Leftist Americans in China grieve shift to capitalism
October 1, 1996
Web posted at: 5:30 p.m. EDT (2130 GMT)
From Correspondent Andrea Koppel
BEIJING (CNN) -- Dairy farmers Joan Hinton and Sid Engst have
always been at home on a farm. Sid, in fact, hails from a
family of dairy farmers in upstate New York.
But for close to 50 years now, the couple have made their
home a world away from their native United States. Hinton
said they never intended to stay in China so long, but were
too caught up to leave. (4 sec./43K AIFF or WAV sound)
Nearly a half century ago, China's socialist revolution
inspired American leftists such as Engst and Hinton to move
to China. They dreamed of building a new society, a place
where capitalism would be abolished for good.
Now, capitalism is back in, and radical leftist politics are
out. But Hinton and Engst still live and work outside
Beijing, and still hang on to their old dreams.
In 1949, the same year of the Chinese revolution and the
founding of the People's Republic of China, the couple
married in a mountainous Chinese community and joined the
cause to which they've been devoted ever since.
"The change in China in those 30 years was really fantastic,
and we lived through it," Engst recalled. "It was inspiring
to be part of it."
But their story doesn't begin and end there. Before joining
Engst in China, Hinton had been a young nuclear physicist who
was involved in research that helped develop the atomic bomb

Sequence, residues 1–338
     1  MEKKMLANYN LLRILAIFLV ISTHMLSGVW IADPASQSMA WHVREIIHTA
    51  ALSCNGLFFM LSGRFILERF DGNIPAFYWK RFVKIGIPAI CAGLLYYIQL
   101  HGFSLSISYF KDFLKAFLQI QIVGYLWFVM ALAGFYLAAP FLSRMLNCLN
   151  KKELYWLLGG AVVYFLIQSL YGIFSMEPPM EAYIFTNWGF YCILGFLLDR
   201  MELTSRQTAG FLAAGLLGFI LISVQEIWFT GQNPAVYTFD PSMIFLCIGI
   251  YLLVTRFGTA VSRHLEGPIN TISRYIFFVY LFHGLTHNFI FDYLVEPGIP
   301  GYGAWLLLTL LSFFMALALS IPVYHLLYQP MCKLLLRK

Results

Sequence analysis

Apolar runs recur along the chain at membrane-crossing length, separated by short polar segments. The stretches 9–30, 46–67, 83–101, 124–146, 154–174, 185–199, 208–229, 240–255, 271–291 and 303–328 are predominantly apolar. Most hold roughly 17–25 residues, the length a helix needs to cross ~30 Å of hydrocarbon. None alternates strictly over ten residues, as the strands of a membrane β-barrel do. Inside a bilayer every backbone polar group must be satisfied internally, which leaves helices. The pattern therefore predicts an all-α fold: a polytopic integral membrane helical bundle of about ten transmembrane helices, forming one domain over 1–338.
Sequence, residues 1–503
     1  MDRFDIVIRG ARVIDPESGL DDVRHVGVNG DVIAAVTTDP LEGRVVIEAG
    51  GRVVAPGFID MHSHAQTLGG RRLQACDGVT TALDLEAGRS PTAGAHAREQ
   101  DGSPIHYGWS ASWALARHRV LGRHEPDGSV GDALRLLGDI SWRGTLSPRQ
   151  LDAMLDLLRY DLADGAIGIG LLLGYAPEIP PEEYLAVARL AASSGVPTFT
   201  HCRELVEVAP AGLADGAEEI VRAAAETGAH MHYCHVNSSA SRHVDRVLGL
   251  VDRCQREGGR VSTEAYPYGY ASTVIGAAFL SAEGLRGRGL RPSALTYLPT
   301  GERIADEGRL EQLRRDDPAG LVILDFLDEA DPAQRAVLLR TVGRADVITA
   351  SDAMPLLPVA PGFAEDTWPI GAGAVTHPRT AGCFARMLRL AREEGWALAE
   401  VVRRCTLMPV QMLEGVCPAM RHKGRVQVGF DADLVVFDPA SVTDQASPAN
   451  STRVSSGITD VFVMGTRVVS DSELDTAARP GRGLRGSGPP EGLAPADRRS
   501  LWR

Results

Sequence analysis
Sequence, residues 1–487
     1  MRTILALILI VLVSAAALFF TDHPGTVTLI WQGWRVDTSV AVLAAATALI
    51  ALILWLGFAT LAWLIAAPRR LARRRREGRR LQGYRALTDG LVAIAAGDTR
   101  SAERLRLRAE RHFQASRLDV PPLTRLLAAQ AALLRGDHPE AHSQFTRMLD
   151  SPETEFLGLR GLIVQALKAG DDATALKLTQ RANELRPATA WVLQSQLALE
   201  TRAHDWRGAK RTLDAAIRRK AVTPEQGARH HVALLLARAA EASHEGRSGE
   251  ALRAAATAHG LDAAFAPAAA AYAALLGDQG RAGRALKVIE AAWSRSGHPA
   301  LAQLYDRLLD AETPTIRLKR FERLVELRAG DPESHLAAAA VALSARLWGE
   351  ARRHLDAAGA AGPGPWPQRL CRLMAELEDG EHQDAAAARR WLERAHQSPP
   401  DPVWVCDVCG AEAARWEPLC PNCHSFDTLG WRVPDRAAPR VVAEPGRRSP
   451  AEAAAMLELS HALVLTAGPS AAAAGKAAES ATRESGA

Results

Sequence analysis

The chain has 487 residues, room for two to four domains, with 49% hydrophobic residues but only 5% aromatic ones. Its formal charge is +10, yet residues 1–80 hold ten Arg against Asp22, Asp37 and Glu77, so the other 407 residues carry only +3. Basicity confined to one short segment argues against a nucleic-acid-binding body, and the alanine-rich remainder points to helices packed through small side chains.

during World War II.
Her move to China happened as the so-called "red scare" in
the United States was growing, and convinced some Americans
that pretty, young Joan Hinton had become a spy for Red
What the people back home didn't realize, according to
Hinton, was that she was living with her husband and their
children on a tiny commune in a remote part of China.
"There was just nothing," Hinton said. "There was no doctors,
there was no electricity, there was no radios, there was no
roads, and here you are supposed to be making atomic bombs. I
mean it was ridiculous, completely ridiculous."
While it may be easy to laugh about the past, the couple
worries about China's future. Since reform began in the late
1970s, Engst and Hinton say they have watched their socialist
dream fall apart as millions of Chinese embraced
Still, since the early 1980s, the two have continued to
devote their time and energy to a state-owned dairy farm on
the outskirts of Beijing.
There, at least, the outside world feels far away. Once
considered radical leftists by their native countrymen,
Hinton and Engst are now too radical for most of China's
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